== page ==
Sabarmati riverfront is considered a model in giving facelift to an ailing river. However, if figures of the Union Ministry of Environment, Forest and Climate Change submitted in Lok Sabha on January 5 are considered, Sabarmati is among Gujarat’s 20 most polluted rivers. Gujarat ranks fourth among the states with highly polluted rivers.
The MoEF states Gujarat has 20 polluted rivers and streams, including big rivers like Sabarmati, Narmada and Mahi. Maharashtra is worse off with 49 polluted rivers. Next is Assam with 28 polluted rivers and Madhya Pradesh with 21 such rivers.
According to MoEF data, the Union government has released over Rs.200 crore to curb pollution in Sabarmati and Mindola rivers. This is the highest amount ever spent outside the Ganga river conservation project on which Uttar Pradesh government has spent Rs.917.24 crore, West Bengal Rs.411.26 crore and Bihar Rs.216.46 crore. Experts believe industrial effluents is the most common reason for pollution of Gujarat’s rivers. Vadodara-based environmental activist Rohit Prajapati says industrial and sewage effluents are being released in big rivers like Sabarmati, Mahi and Narmada without being treated.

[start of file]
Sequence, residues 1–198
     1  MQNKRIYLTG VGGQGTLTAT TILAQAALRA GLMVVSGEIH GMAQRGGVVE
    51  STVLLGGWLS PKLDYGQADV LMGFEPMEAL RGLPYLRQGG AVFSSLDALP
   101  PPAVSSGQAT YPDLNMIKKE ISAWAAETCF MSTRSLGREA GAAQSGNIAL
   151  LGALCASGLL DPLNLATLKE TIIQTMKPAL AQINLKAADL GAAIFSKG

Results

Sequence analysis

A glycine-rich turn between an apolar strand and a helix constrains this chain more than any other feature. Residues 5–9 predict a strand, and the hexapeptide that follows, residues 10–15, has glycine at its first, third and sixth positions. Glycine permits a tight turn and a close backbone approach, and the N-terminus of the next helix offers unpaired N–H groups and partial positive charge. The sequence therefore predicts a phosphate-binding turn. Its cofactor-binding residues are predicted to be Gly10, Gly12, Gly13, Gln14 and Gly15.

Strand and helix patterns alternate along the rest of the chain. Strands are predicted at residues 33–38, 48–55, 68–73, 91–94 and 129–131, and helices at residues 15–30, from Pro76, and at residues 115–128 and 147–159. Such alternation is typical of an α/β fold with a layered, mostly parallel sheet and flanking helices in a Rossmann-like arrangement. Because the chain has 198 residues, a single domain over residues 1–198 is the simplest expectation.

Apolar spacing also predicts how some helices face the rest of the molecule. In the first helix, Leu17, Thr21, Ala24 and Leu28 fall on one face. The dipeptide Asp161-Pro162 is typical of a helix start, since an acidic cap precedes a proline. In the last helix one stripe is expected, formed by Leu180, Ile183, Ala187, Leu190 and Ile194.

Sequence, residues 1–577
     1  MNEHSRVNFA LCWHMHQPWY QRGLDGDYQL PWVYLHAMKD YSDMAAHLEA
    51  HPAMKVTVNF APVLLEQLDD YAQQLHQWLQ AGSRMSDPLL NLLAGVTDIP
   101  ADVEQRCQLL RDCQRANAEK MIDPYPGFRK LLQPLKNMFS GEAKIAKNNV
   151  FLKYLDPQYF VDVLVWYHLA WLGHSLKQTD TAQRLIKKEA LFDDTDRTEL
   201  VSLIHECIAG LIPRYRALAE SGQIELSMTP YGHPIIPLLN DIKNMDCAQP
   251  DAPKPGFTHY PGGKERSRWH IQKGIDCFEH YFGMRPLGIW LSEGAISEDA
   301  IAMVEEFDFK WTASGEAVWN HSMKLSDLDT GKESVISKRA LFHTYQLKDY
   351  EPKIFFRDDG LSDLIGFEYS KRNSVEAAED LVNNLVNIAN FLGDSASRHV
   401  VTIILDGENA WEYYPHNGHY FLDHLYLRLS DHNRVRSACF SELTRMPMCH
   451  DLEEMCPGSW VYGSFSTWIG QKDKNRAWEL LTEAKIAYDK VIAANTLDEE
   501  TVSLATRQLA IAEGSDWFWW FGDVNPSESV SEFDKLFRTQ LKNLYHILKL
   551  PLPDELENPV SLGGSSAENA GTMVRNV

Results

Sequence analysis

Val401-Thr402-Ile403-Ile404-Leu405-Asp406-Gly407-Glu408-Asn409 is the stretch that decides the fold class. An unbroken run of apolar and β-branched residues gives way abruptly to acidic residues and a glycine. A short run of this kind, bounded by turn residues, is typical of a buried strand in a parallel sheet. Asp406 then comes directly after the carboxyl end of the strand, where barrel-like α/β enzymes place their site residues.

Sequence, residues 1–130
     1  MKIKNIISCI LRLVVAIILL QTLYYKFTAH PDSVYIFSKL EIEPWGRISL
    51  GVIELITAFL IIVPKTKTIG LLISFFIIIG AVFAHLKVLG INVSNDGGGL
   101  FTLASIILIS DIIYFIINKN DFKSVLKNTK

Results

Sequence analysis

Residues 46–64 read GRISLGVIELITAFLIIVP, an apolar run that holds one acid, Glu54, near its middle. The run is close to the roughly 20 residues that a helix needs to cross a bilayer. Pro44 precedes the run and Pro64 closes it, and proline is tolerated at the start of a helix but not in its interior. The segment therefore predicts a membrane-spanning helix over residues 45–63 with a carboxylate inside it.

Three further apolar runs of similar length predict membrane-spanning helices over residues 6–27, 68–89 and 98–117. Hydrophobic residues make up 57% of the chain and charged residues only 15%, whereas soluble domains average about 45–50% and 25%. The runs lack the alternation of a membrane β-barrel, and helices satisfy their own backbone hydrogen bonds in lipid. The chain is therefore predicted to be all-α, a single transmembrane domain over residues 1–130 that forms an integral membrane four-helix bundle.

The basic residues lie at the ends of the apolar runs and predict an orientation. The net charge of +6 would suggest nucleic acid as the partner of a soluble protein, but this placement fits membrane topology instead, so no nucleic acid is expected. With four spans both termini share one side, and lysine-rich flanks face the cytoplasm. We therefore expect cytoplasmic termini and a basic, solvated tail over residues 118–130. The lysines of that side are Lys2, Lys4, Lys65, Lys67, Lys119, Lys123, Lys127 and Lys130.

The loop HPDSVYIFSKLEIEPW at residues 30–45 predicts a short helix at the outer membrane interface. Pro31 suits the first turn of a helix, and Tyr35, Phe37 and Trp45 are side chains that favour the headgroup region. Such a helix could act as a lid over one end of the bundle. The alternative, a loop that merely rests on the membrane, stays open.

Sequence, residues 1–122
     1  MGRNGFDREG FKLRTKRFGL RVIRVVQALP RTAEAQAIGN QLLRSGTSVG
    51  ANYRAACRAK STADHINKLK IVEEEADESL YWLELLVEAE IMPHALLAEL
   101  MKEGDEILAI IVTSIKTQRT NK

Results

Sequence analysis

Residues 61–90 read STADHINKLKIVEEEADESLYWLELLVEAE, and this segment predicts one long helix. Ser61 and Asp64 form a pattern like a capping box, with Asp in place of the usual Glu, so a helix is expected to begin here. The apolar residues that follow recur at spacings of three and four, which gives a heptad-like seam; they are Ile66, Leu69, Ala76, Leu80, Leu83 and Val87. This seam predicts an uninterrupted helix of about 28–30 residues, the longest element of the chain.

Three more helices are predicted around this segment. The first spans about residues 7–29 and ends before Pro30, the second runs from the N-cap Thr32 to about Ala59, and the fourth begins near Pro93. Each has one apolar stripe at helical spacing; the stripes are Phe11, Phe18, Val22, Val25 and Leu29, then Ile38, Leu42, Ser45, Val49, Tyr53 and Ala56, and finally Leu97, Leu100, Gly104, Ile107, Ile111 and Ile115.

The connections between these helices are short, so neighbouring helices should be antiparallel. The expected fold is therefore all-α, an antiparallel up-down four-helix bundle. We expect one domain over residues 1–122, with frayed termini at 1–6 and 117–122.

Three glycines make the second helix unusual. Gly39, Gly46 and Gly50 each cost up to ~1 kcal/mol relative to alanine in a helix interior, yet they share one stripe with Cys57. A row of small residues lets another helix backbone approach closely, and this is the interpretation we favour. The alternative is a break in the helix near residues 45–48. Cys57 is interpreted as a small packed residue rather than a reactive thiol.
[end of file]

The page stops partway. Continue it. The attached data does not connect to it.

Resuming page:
“Moreover, dams have been built on big rivers due to which the rivers are drying and vanishing. The condition of rivers in Gujarat is going from bad to worse each passing day,” Prajapati said.